UB Chemist to Use Award to Develop Materials for Smart Windows and Next-Generation Computer Chips

Release Date: January 12, 2011 This content is archived.


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UB chemist Sarbajit Banerjee has been awarded a Cottrell Scholar Award, which recognizes early-career scientists who are leaders in integrating science teaching and research.

BUFFALO, N.Y. -- Sarbajit Banerjee, PhD, assistant professor of chemistry at the University at Buffalo, is one of 11 scholars in the U.S. who has been awarded a Cottrell Scholar Award from the Research Corporation for Science Advancement.

The awards, which provide $75,000 to recipients, recognize early-career scientists who are leaders in integrating science teaching and research at leading U.S. research universities.

Banerjee will use the award to conduct research to better understand vanadium oxides, chemical compounds used in night-vision technologies and other applications. A major focus of his work is to adapt the compounds for use in "smart windows" that change color depending on temperature and as transistors for next-generation computer chips. Another focus involves trapping single nanowires of vanadium oxides, one-thousandth the size of a human hair, within device structures to measure individual nanowire conductivity.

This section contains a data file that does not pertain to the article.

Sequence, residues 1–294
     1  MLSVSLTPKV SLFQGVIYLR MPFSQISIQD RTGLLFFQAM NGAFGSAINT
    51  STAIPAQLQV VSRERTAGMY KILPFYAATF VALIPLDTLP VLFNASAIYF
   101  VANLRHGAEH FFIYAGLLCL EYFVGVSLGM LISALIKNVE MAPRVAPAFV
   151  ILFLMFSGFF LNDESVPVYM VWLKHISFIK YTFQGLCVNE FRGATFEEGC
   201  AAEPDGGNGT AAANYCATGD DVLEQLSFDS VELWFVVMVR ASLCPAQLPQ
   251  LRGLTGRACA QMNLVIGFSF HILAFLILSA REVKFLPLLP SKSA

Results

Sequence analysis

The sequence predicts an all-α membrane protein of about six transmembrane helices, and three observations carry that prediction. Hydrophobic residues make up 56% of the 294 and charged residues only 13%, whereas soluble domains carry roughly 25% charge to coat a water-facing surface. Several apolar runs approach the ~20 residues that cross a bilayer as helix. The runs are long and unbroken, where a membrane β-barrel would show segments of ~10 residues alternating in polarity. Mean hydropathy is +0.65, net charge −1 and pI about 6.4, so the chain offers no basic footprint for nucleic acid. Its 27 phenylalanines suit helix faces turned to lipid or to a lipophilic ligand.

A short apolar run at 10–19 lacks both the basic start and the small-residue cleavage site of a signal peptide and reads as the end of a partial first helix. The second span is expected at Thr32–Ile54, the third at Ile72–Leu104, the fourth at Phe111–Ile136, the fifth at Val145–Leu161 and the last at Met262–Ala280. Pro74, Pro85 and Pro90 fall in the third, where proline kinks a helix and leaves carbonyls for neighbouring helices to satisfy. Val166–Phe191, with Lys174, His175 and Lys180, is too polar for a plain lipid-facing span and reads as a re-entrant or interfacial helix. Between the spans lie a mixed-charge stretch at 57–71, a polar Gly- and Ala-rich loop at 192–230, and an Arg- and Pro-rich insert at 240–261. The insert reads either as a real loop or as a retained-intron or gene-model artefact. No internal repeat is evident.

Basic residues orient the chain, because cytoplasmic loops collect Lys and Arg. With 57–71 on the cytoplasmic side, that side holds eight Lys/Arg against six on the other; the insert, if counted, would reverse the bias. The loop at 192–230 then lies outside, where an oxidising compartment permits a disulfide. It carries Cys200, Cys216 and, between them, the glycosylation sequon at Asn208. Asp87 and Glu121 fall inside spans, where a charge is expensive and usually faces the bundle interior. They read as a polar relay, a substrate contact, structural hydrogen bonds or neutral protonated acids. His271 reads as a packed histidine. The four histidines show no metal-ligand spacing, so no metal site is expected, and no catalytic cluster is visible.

Other research conducted by Banerjee and his graduate students on optimizing the production of graphene, a carbon nanomaterial, is being commercialized by a UB spinoff company, Niagara Falls-based Graphene Devices, which has obtained more than $600,000 in federal and state funding.

Banerjee also is a recipient of a National Science Foundation CAREER award, the foundation's most prestigious award for junior investigators, and an ExxonMobil Solid-State Chemistry Award from the American Chemical Society.

Banerjee received his undergraduate education at the University of Delhi and his doctorate at Stony Brook University. Before coming to teach at UB, Banerjee was a postdoctoral research scientist at Columbia University.

The Research Corporation for Science Advancement of Tucson, Ariz., is a private foundation that aids basic research in the physical sciences at U.S. and Canadian colleges and universities.

The University at Buffalo is a premier research-intensive public university, a flagship institution in the State University of New York system and its largest and most comprehensive campus. UB's more than 28,000 students pursue their academic interests through more than 300 undergraduate, graduate and professional degree programs. Founded in 1846, the University at Buffalo is a member of the Association of American Universities.

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